3. Neuropod: Nature’s official Neuropodneuroscience podcast hosted by neuroscience journalist Elie Dolgin. Each episode is around a half hour and usually features 3-4 interviews on recent publications and reviews, this podcast is a great way to keep abreast of new research and show off during lab meeting. The website also has links to the papers if they peak your interest. The podcast has high production value on par with public radio. Frequency: Monthly episodes ~30 min. Target Audience: Undergraduates, Grad Students
  4. Brain Science Podcast LogoBrain Science Podcast: “The show for everyone who has a brain.” Hosted by an ER doctor with a background in research and engineering, Ginger Campbell, she does a huge service to the world by getting big name neuroscientists to talk in depth while keeping things accessible. It’s great for getting introduced to perspectives on neuropsychology. I also love that Dr. Campbell repeats and clarifies important points in the middle and end of episodes and always asks the guests to give advice to students. The website also features annotated transcripts of the episodes. Frequency: Monthly episodes ~1 hr. Target Audience: Undergraduates, Grad Students, Your Mom (Seriously. No, seriously tell your mom to listen to this and maybe she’ll stop asking you so many annoying questions about what you do.) (Mom if you ever read this, I’m joking around.)
  5. Naked Neuroscience Podcast: naked Neuro podcastA podcast recorded out of Cambridge University, this podcast has been around since 2001, but it’s new to me! This podcast includes news from European conferences and interviews with scientists from around the world. It has high production values, good stories, rigorous science, but as you can see from the picture a sense of humor as well. Frequency: Monthly episodes ~30 mins. Target Audience: Anyone interested in neurosciene with a sense of humor.
  6. NPR’s Invisibilia:Ivisibilia Think Radiolab focused on “the invisible forces that control human behavior – ideas, beliefs, assumptions and emotions.” Hosted by rising stars Lulu Miller and Alix Spiegel, in each episode they interview scientists and craft small narratives around themes. For example, this season featured episodes on interactions with technology, blindness, and fear. The first season is 6 episodes, ~1 hr, more to come and hopefully soon! Target Audience: People who need something to talk about at cocktail parties.
  7. Freakonomics: Freakonomics“The hidden side of everything.” Hosted by the authors of the best-selling book of the same name, Freakanomics Radio podcast has released over 200 episodes since 2010. The show uses a narrative style and interviews to explain studies of behavioral economics–a field that uses economic statistical techniques and theory to determine what factor-like incentives drive the behavior of people and systems. Incredibly interesting and accessible, it doesn’t touch strictly on neuroscience, yet I would recommend it to any human being interested in behavior and decision-making. Frequency: 1/wk 30-60 mins. Target Audience: People who like to show off at cocktail parties.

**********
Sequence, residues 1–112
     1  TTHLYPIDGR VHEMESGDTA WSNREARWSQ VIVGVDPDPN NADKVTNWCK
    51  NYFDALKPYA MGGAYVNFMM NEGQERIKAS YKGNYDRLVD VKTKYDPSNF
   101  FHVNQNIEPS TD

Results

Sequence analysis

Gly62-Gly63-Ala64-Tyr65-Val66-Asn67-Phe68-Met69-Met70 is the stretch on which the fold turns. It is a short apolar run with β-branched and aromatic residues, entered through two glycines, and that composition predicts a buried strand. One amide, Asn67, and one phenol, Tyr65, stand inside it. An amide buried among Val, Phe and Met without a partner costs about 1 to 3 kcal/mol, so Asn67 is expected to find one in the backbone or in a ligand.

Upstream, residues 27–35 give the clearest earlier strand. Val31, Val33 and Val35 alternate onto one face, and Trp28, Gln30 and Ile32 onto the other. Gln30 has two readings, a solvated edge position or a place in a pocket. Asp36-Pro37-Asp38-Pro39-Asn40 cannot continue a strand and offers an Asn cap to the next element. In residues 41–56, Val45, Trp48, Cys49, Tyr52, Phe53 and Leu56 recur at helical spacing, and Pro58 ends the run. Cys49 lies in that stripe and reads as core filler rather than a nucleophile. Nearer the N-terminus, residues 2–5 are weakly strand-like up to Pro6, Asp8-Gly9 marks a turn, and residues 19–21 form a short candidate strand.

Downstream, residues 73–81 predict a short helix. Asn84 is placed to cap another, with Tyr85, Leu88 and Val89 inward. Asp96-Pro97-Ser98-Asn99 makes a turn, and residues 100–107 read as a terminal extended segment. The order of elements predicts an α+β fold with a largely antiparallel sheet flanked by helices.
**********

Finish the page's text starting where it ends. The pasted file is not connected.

8. The Laughter Research PodcastGlen Duggan The guests of this podcast include not only professors, but comedians and entrepreneurs. This broader perspective is in part due to the host Glen Duggan. He’s a non-traditional psychology PhD candidate in Trinity College, Dublin, with a lot of real world experience. We briefly chatted on twitter and he seems like a genuinely great guy. Positive emotions like happiness and behaviors like laughter can be understudied compared to negative emotions, so the work he’s doing is very important. Frequency: ~ 2 episodes / month Target Audience: Lay people.
  9. All about Autism Podcast:autism pod If you’re interested in psychiatric disease or autism, this niche podcast is a fascinating and easy listen. This podcast is co-hosted by Heather and Dave Eaton, the co-owners and co-founders of Eaton Alliance Inc., which supports individuals with disabilities, specializing in autism. You get to hear a less academic, but extremely well informed perspective on autism. In some ways these hosts are far more informed than most academics as to the everyday lives of patients. A powerful force for good in the world right now, this podcast educates and rebuffs the misconception that vaccines cause autism. (To repeat the obvious, there is no scientific evidence showing vaccines cause autism and many have looked. The one original study that did show this has been shown to be a fraud propagated by a scientist with a conflict of interest.) Frequency: Used to be once a week, but now closer to once a month. Target Audience: anyone interested in science communication and a patient’s perspective.
  10. Talking Machines: talking machines“Human Conversation about Machine Learning” – A machine-learning podcast, but I think that a lot of neuronal learning is going to resemble machine learning. Anyways, it’s probably good knowledge to have, seeing as we’re on the precipice of another industrial-revolution with machine learning that will put a lot of white-collar workers out of business, or living in a simulation created by ‘a hypothetical, but inevitable, singular ultimate superintelligence may punish those who fail to help it or help create it. See, I learn useless junk by listening to podcasts!

As I mentioned above, I’m a podcast addict, so I’d love to hear what you’re listening to and what you’d recommend, even podcasts that aren’t directly related to neuroscience and behavior. Also, if you liked this post and want to see more like it please share it. If you want updates on what I’m thinking and listening to please follow me on twitter, or like the Neuroamer page on facebook.


Non-neuroscience podcasts that I think are worth checking out: Radio Lab, This American Life, Planet Money, Fresh Air, 60 Minutes Pop Culture Happy Hour, DVDASA, Monday Morning Podcast with Bill Burr, Harmontown, Judge John Hodgman Podcast, Human Conversation, Nature Podcast, Science Podcast, New Yorker Fiction, Yoshi Didn’t, Science Friday, Song Exploder, Startup Podcast, 4 Hour Work Week Podcast, Joe Rogan Podcast, Duncan Trussel Family Hour Podcast, Smartest Man in the World w/ Greg Proops, The Nerdist, This Feels Terrible, Upvoted, WTF with Marc Maron, Yale Humanities, You Made it Weird.